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Theudas

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  • Tom Saunders
    Last night I did some research on a first century character by the name of Theudas. He was a teacher to Valentinus, and studied with Basilides, knew Peter,
    Message 1 of 3 , Sep 23, 2004
      Last night I did some research on a first century character by the name of Theudas. He was a teacher to Valentinus, and studied with Basilides, knew Peter, and Paul. He declared himself a prophet, circa 42, C.E., and led off some followers in Jerusalem, to part the Jordon river. The Roman Army rounded them up and killed some there, and hauled in the rest including Theudas, disciple of Paul. Here is the new Glossary entry.... Please anything that you think should be changed....

      Theudas: (42 CE approx.) Teacher of Valentinus, and thought to be a disciple of Paul. He is also thought to have been a student with Basilides under a follower of Peter named Glaukia, which is perhaps Glaucius in other references. Theudas, meaning 'gift from God' declared himself a prophet and was executed while attempting to 'part the Jordan" for his followers. ( Ehrman, "Lost Christianities, Josephus, Jewish Antiquities 20.97-98 )

      What intrigues me about Thuedas, is what intrigues me about the "Acts of Peter," and those acts, of Peter in Acts, is that these texts are demonstrating characteristics of magic. Thuedas had followers, and had them believing he was indeed a prophet. Prophecy is one of the acknowledged 'crafts' by Paul, Clement, and others, and those with the gift are considered Pneumatics, at least at some level.

      Parting the Jordon, which may have been a fabrication or misunderstanding on the part of Josephus, is not the act of a prophet, but a magician. Theudas, was Paul's disciple, and this links Paul to magic. Or, the belief that magic was a viable scientific craft of the time, and there are other references to Paul's brushes with magic.

      Prophets are mentioned inTh- 88, and even if Theudas was a 'crackpot' he represents a living 'Christian Prophet' or as Clement puts it, a Craftsman. Two immediate problems exist with being a known prophet or magician in the first century. The standard Roman response to Witchcraft, was immediate death by decree, from early times. Clement warns about witchcraft in 'Stromata" and I can see why.

      Mary, Thomas, and Phillip are pretty much devoid of magic. This is significant because it puts the issue of the use of magic in Luke, Mark, Matthew(?), John, and Acts of Peter, in a common set. It might even suggest that this is cause for part of the bitterness against Peter, in GMary and Thomas.

      No doubt that Simon Magus had an early influence in the use of Magic, and Christianity. We cannot separate magic out of Gnosticism but we can organize it. Where there is someone who can do magic, the Gnostic saw a Craftsman. It would be extremely difficult to separate magic out any other way. Most orthodox Christians bought into magic. Those that did not buy into this 'craft' would have needed texts devoid of this feature in the documents.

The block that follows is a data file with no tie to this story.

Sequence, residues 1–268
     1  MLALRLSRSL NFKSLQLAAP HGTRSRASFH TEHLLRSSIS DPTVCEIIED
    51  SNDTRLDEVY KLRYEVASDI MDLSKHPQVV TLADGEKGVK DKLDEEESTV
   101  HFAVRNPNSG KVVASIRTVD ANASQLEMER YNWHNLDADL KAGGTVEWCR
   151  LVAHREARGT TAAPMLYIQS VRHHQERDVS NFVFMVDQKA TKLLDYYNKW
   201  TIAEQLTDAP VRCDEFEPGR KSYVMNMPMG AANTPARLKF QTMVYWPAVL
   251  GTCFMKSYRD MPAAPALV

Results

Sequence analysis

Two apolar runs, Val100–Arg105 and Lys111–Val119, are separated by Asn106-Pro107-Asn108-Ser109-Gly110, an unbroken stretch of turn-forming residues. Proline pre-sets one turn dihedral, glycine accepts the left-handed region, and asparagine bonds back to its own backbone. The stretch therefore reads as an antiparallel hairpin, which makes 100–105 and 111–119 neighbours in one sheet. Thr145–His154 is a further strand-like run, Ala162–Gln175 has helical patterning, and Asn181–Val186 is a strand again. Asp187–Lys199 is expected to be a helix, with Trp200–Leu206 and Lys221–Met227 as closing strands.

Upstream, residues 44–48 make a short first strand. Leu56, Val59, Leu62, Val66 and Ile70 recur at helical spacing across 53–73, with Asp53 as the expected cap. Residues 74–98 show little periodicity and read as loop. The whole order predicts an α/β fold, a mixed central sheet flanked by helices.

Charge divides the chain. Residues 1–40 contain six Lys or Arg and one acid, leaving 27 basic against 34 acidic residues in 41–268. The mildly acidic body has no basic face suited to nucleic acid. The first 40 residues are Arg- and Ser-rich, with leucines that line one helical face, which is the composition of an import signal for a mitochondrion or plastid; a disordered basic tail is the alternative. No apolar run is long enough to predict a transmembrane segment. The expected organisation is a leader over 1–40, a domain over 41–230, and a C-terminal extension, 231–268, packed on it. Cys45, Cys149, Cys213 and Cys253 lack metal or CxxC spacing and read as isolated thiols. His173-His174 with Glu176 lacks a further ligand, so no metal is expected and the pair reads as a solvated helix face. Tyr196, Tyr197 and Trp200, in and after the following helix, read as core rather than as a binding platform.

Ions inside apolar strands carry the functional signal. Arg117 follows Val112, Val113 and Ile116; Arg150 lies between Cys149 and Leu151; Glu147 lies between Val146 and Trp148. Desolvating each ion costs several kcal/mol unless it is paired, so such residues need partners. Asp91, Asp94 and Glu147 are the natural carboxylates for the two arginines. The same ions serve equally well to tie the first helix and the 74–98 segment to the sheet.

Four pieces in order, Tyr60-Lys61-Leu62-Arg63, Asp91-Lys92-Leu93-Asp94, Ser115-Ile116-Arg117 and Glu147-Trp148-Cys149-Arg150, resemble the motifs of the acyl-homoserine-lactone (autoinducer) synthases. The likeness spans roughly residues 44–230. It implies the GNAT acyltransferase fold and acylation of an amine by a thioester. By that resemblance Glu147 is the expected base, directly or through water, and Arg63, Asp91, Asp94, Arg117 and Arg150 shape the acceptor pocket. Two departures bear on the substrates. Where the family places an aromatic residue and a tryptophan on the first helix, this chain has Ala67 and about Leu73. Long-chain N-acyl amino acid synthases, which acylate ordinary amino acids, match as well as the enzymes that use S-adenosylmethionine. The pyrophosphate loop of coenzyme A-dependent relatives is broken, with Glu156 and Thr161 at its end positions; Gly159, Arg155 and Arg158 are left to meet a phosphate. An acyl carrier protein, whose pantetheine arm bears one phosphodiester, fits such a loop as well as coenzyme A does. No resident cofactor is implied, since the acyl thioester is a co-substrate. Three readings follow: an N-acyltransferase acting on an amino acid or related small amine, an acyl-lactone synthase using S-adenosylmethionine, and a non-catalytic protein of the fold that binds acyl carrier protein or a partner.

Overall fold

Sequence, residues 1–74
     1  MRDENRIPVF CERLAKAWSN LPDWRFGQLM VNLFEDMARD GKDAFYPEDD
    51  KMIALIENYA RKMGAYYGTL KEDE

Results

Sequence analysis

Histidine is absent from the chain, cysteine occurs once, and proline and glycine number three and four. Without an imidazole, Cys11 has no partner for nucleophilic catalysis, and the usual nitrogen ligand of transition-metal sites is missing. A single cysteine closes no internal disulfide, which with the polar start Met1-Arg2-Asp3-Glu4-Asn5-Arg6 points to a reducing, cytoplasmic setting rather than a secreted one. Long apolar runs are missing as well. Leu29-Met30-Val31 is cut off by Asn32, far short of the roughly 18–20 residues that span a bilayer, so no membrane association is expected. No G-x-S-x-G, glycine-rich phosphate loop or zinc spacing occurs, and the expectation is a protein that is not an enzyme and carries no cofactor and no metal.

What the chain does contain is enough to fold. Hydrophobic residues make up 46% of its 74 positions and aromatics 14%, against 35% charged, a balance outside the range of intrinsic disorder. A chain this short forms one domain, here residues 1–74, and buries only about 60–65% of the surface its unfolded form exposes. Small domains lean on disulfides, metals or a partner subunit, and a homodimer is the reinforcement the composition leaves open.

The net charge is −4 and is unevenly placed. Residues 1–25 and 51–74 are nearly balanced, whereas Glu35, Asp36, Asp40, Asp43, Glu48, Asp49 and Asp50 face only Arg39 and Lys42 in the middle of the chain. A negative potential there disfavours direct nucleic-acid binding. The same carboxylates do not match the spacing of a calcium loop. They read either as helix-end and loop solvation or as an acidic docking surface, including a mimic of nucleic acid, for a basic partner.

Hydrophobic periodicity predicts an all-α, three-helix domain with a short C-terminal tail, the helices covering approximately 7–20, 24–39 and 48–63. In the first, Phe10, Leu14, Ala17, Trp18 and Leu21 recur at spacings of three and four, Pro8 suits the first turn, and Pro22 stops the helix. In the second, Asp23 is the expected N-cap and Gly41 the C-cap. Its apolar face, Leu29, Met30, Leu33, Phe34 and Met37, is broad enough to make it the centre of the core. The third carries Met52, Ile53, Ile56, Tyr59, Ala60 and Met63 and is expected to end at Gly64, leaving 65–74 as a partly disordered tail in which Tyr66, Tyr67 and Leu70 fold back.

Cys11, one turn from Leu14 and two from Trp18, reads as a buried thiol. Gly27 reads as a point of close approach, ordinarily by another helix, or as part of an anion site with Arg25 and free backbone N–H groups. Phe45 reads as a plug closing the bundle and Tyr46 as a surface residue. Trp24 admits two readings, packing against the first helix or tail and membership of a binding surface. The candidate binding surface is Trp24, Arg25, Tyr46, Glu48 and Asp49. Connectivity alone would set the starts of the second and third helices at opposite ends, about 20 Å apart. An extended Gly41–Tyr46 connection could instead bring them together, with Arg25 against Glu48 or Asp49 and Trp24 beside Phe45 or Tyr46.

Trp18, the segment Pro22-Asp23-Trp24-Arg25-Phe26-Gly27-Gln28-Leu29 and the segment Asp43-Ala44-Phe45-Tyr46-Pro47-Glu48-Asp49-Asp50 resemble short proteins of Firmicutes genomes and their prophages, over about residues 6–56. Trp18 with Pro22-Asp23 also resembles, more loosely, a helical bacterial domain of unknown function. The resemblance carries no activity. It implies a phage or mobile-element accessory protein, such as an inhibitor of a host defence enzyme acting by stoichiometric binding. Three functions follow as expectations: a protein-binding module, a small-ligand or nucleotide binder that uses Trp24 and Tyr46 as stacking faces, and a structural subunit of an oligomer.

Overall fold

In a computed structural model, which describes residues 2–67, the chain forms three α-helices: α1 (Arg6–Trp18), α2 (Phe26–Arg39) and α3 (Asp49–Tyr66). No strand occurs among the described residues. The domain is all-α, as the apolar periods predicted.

Does this bolster a decent argument for an early Thomas?

      Tom Saunders
      Platter, OK









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    • Tom Saunders
      Hi Andrew, Hence Theudas(2) must be someone else than Theudas(1) who had been killed 40 years before. That does make sense. Ehrman s references threw me off,
      Message 2 of 3 , Sep 23, 2004
        Hi Andrew,

        Hence Theudas(2) must be someone else than Theudas(1) who had been killed 40 years before.

        That does make sense. Ehrman's references threw me off, or he is confused too. His reference on page 193 of "Lost Christianities" says...

        " We knw from Clement of Alexandria, for example that Valentinus was a disciple of Theudas, who was allegedly a disciple of Paul; and the Gnostic Basilides, studied under Glaukia, a supposed disciple of Peter." It sounds like this guy lived in the right time slot except for Valentinus.

        Jack Kilmon straightens this out.....

        "Valentinus, in his fantasy world, claimed to have
        DERIVED his ideas from Theudas which was an invention. Basilides was
        writing around 120-130 CE and would have been born around 80-90 CE some 45
        years after Theudas lost his head. Luke's story in Acts 5:36 was an error
        by Luke."

        Thank you Jack. I am changing the Glossary entry to:

        Theudas: (42 CE approx.) Thought to be a disciple of Paul. He is also thought to have been a student with Basilides under a follower of Peter named Glaukia, which is perhaps Glaucius in other references. Theudas, meaning 'gift from God' declared himself a prophet and was executed while attempting to 'part the Jordan" for his followers. Years later Valentinus laid claim to some of his teaching. ( Ehrman, "Lost Christianities, pg 193, Josephus, Jewish Antiquities 20.97-98 )

        Tom Saunders
        Platter, OK






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      • Tom Saunders
        Hi Jack, I see what you mean, and wonder why the Gnostics like Valentinus made the claim to have been influenced by Theudas? And, if Ehrman messed up and
        Message 3 of 3 , Sep 24, 2004
          Hi Jack,

          I see what you mean, and wonder why the Gnostics like Valentinus made the claim to have been influenced by Theudas? And, if Ehrman messed up and didn't catch the error, I don't feel so bad about not seeing it too. I do appreciate your observations.

          How would you characterize the influence of Theudas? If he was remembered by the Gnostics, he must have been influential in ways we are not seeing yet.

          Tom Saunders


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